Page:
It was 5:15 a.m. Friday when Karla Aceves and dad Carlos of Williamsville arrived at the Walden Galleria.
But even at that early hour, they found a dozen people ahead of them, waiting to get their hands on the iPhone 7, which launched Friday.
The Aceveses had never waited in line for a phone launch before, but were afraid that if they didn’t get to the Apple store early, the phones would sell out, as they almost always do. They needn’t have worried – about half the line left when they found out the store did not have iPhone 7 Plus in stock except for customers who had pre-ordered it. The iPhone 7 was available whether customers had pre-ordered it or not.
By 8:45 a.m., there were about 60 people in two lines outside the store, with another 60 inside. Employees asked customers questions and brought them in at timed intervals. A woman with bright orange and pink hair offered free coffee, water and snacks from a cart.
Janae Longo of West Seneca works on a cruise ship. She’ll be leaving in a few days and needs to get her phone upgraded before she’s stuck in the middle of the ocean for the next several months. She didn’t want to chance being stranded without her music and other creature comforts.
And then there are the other cool features.
“I want to tap my earbuds to control them and feel like I’m in the future,” she said.
Emone Bradley doesn’t need an upgrade, she wants an upgrade. She has waited in line for phone launches twice before, but is extra excited about this one with all the iPhone 7’s new features.
“It’s the next thing poppin’. You want to be the first person to have the iPhone 7,” she said. “It’s like a whole new phone.”
So what’s the big deal with the latest iPhone iteration? Well, the iPhone7 is water resistant – a big selling point for anyone who has ever tried and failed to rescue their $649 phone in a bowl of dry rice. It is also dust resistant and more durable. It has no headphone jack, which, though controversial, makes room for stereo speakers. It also has a new operating system, a more powerful processor and, on the 7 Plus, dual cameras.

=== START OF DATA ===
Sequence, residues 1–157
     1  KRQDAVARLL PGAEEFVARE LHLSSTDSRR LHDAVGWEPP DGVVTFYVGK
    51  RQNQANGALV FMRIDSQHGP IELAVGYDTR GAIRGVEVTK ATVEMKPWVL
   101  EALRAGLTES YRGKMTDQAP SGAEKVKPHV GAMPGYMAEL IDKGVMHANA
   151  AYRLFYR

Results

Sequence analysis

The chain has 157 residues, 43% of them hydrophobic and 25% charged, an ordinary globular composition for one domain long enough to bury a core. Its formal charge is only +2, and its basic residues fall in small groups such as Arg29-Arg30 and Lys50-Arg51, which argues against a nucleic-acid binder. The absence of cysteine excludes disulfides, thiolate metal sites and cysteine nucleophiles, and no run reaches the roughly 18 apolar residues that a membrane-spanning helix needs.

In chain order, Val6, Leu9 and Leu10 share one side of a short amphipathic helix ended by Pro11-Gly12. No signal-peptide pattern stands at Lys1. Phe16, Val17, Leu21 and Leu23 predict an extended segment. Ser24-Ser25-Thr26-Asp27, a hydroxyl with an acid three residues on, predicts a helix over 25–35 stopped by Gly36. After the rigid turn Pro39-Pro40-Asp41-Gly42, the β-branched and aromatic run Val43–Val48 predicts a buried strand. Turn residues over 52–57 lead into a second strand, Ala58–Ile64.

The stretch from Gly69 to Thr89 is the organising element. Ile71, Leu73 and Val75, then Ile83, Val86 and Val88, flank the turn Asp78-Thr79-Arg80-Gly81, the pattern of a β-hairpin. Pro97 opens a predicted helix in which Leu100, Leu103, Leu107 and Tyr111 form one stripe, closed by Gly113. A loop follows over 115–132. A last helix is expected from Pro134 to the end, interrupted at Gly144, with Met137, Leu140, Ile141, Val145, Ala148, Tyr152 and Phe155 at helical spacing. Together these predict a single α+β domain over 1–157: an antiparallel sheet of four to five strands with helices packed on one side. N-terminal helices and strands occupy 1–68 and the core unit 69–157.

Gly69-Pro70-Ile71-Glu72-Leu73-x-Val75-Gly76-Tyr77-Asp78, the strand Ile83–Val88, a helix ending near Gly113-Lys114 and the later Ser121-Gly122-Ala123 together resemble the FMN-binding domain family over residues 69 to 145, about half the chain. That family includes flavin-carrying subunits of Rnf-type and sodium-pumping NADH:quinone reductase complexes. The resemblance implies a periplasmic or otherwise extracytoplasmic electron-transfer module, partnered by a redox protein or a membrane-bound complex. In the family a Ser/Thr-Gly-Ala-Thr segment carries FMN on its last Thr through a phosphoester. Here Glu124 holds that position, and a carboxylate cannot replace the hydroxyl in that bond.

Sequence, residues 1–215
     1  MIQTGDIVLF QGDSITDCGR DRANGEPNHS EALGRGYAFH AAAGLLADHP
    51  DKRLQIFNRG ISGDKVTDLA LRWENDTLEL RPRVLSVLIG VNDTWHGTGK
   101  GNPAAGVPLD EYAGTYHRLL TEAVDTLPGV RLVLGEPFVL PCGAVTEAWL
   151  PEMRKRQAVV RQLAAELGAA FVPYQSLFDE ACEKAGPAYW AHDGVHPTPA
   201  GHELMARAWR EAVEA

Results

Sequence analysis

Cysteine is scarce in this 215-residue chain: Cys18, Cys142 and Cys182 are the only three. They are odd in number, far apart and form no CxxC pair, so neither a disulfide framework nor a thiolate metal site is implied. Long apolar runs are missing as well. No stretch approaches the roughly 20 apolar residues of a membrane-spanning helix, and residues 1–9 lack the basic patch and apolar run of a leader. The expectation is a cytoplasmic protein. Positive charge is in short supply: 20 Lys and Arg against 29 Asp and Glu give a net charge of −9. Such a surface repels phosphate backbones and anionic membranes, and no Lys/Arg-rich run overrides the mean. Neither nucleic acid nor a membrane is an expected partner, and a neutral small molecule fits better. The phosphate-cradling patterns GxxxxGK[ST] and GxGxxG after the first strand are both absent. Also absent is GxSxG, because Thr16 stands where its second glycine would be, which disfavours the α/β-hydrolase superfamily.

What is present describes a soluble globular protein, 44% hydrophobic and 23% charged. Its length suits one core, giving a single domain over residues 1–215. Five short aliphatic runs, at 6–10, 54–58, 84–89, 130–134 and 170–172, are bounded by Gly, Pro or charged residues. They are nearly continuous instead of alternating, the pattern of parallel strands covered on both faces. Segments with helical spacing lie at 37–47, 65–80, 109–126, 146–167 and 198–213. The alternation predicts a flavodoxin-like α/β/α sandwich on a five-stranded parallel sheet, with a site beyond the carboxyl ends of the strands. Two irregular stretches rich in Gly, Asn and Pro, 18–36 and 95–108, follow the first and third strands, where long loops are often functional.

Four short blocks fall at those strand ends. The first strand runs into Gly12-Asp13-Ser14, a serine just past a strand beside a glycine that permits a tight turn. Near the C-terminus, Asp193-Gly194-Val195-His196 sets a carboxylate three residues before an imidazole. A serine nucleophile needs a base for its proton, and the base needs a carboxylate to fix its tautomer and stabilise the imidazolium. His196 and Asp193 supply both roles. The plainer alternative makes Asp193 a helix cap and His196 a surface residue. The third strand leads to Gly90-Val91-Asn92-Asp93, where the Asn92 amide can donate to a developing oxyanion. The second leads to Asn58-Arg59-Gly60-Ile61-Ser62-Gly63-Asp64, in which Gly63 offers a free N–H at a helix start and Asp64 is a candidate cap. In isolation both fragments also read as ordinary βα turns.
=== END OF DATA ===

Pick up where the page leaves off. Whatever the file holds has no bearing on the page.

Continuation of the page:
Apple stores around the world turned away would-be customers who hadn’t already ordered online. At the Covent Garden location in London, a security guard told people to try back in a few days. A few hundred who had booked ahead stood in a barricaded line, in the rain, waiting to collect their devices. In New York at the company’s store near Central Park, one man had been waiting in line for three days, and he wasn’t even at the front of the queue. Still, he was hopeful he’d walk away with a phone.
The challenge for Apple now, as in years past, is making sure there are enough of the gadgets to meet demand. Customers who hadn’t pre-ordered the larger iPhone 7 Plus models were unable to buy them in Apple stores Friday.
That’s already leading to black-market tactics. Men outside the Convent Garden store were seen exchanging wads of cash to buy handsets from somebody who had ordered ahead.
T-Mobile US and Sprint said this week that pre-orders for the new models were almost four times as great as for previous models, helping drive Apple stock to its highest level in almost five years. The announcements provided some welcome news for Apple, which analysts expect will suffer its first annual sales decline since 2001. Verizon Communications said pre-orders were at a similar level to previous years. Orange, France’s biggest carrier, said orders were slightly higher than last year, but that it didn’t have a supply shortage.
Apple is likely to sell 44 million iPhones in the three months through December, according to RBC Capital Markets estimates, down from the 48 million sold in the same period a year earlier. The iPhone 6S became available in stores Sept. 25, 2015. Sales in the final three months of the year will meanwhile likely reach 79 million units, up from 75 million a year earlier, RBC forecast.
email: email@example.com Includes reporting by Bloomberg News.